Association for Behavior Analysis International

The Association for Behavior Analysis International® (ABAI) is a nonprofit membership organization with the mission to contribute to the well-being of society by developing, enhancing, and supporting the growth and vitality of the science of behavior analysis through research, education, and practice.


31st Annual Convention; Chicago, IL; 2005

Event Details

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Symposium #23
Recent Advances in the Analysis of Gambling Behavior
Saturday, May 28, 2005
1:00 PM–2:20 PM
Boulevard B (2nd floor)
Area: EAB; Domain: Basic Research
Chair: Charles A. Lyons (Eastern Oregon University)
Discussant: Charles A. Lyons (Eastern Oregon University)
Abstract: This symposium will address how issues related to verbal behavior and the matching law affect gambling behavior.
Verbal Repertoires That Predict Gambling Behavior: The Illusion of Control
W. SCOTT WOOD (Drake University), Maria M. Clapham (Drake University)
Abstract: Research has demonstrated the presence of several erroneous beliefs and misunderstandings about the nature of games of chance among gamblers. Research also suggests that one particular erroneous belief, the illusion of control, is perhaps the strongest trait predictor of gambling. In this investigation, there is a specific focus on the predictability of gambling behavior based on an individual's belief, as expressed on a trait assessment instrument, about his/her ability to predict or control the outcome of games of chance. The strength of this variable is assessed and correlated with the frequency and amount of gambling behavior in sample populations of college students, adults and in-treatment problem gamblers.
A Single-Subject Approach to Investigating Payback Probability and Win Rate
ANDREW E BRANDT (Western Michigan University)
Abstract: Weatherly and Brandt (2004), using both within-subject and between-groups design experiments investigated the effects of payback probability (PP) and credit value on the behavior of non-pathological gamblers (as determined by the South Oaks Gambling Screen) while playing a computer-based simulated slot machine. PP is the net outcome of games of chance and is represented as the ratio between the total credits won divided by the total number of credits bet (across some number of trials). The authors report the manipulation of PP had no statistically significant effect on any measure of gambling behavior. The following experiments sought to extend these findings. The goal of Experiment 1 was to replicate the findings of Weatherly and Brandt (2004) using a single-subject design. In Experiment 1, three participants were exposed to four levels of PP (0.5, 0.75, 0.95, and 1.10) twice, while playing a computer-based simulated slot machine. Experiment 2 was designed to investigate the effects of win rate (WR) on measures of gambling. WR refers to the density of winning trials that occur throughout a set of gambling trials, and can be represented as the ratio between the total number of winning trials and the total number of losing trials. Using a single-subject design, three participants experienced three levels of WR (0.5, 0.15, and 0.25) twice, while playing a computer-based simulated slot machine. Self-report measures were obtained regarding the participant’s strategies and perceptions of the task in both experiments. Preliminary results suggest that humans may be sensitive to PP. In addition, all participants have reported forming rules that dictated the manner in which they played the slot simulation. Such rule generation may play a crucial role in understanding the effects of PP and WR.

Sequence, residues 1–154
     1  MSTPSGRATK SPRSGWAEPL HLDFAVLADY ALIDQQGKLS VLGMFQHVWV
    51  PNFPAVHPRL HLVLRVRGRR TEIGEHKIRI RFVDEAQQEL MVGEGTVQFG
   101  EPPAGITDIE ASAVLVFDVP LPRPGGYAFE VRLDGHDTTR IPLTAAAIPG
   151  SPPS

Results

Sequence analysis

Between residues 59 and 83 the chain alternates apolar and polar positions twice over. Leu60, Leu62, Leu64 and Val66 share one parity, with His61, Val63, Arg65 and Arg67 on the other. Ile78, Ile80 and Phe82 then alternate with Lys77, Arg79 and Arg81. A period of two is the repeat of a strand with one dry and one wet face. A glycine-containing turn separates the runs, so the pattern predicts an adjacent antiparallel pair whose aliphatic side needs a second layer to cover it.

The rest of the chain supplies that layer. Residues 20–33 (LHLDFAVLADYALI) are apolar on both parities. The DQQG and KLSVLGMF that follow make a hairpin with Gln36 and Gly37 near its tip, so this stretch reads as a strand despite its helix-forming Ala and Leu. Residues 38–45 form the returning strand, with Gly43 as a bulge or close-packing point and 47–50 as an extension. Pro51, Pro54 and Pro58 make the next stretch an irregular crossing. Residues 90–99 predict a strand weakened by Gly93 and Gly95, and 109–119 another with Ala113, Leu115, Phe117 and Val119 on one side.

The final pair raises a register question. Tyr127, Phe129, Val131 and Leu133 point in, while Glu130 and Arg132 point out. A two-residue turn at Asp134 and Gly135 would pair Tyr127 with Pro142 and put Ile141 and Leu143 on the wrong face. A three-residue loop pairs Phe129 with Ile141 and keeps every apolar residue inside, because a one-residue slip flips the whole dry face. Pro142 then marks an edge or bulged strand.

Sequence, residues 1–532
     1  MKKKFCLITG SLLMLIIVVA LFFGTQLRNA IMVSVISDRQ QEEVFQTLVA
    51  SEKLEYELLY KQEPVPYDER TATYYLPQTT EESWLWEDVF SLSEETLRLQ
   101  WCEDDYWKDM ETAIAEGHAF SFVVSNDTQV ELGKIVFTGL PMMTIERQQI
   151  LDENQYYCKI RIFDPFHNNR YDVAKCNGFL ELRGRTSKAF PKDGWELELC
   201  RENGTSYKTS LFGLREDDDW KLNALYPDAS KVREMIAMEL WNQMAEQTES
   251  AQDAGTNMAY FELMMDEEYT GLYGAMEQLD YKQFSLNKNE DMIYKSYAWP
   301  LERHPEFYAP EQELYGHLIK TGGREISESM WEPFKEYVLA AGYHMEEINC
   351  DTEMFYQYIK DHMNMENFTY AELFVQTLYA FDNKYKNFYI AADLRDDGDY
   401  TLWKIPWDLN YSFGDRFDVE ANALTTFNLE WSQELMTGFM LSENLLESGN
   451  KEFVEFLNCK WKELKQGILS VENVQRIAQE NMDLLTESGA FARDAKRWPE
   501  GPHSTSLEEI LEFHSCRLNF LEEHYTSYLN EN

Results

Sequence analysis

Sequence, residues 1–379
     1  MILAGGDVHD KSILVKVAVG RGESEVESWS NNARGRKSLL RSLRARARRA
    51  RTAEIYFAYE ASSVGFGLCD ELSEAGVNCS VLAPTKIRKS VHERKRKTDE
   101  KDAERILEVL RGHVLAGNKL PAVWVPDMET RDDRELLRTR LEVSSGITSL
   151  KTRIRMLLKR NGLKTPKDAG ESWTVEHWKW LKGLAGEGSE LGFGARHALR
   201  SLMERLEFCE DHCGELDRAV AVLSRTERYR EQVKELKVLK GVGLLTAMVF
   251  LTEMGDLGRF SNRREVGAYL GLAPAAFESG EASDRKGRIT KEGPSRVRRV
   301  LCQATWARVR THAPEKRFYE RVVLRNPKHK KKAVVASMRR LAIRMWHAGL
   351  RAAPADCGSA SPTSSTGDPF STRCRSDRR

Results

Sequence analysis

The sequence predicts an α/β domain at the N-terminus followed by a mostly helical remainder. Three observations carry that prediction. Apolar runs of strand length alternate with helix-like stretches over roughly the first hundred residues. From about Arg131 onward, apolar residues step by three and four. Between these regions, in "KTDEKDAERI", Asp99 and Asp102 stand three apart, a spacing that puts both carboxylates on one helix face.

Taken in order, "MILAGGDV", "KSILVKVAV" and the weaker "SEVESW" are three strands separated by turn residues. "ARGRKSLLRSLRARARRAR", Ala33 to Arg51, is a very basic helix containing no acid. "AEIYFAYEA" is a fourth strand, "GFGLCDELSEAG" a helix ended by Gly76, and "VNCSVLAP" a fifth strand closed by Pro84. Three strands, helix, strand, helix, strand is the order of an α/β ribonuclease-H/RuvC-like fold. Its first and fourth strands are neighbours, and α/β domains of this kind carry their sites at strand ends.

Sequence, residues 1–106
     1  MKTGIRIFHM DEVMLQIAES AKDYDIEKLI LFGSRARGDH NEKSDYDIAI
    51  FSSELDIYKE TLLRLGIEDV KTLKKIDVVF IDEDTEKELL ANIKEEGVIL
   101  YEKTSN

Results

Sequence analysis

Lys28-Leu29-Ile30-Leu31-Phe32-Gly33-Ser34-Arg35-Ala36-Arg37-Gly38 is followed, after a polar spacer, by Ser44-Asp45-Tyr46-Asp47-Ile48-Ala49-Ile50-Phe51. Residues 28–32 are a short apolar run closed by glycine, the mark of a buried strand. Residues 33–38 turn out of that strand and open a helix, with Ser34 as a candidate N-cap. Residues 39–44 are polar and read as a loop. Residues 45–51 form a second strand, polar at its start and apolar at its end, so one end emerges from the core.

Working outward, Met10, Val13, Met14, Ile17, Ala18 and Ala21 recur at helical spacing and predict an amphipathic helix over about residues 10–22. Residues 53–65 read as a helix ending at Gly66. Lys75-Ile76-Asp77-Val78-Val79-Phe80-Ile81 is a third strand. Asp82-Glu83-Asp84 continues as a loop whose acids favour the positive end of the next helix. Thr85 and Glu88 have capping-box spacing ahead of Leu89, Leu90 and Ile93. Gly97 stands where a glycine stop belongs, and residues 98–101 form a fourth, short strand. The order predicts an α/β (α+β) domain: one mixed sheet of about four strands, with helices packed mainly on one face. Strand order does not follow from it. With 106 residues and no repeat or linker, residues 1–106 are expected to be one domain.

Foraging for a Win: Melioration or Optimal Foraging?
JUSTIN ALBRECHTSEN (University of Northern Iowa), Dustin Daugherty (University of Northern Iowa), Otto H. Maclin (University of Northern Iowa)
Abstract: Optimal foraging involves prey selection where the organism maximizes the overall amount of reinforcement derived from the foraging. On the other hand, melioration involves the decrease in reinforcement relative to local rates of reinforcement rather than overall reinforcement. The research presented here examines optimal foraging and melioration in slot machine gambling using a dual monitor preference paradigm. Participants will have access to two slot machines controlled by one computer using a progressive ratio schedule. In a second study a change over delay was added. Results are discussed in terms of the contingencies set in a casino environment.



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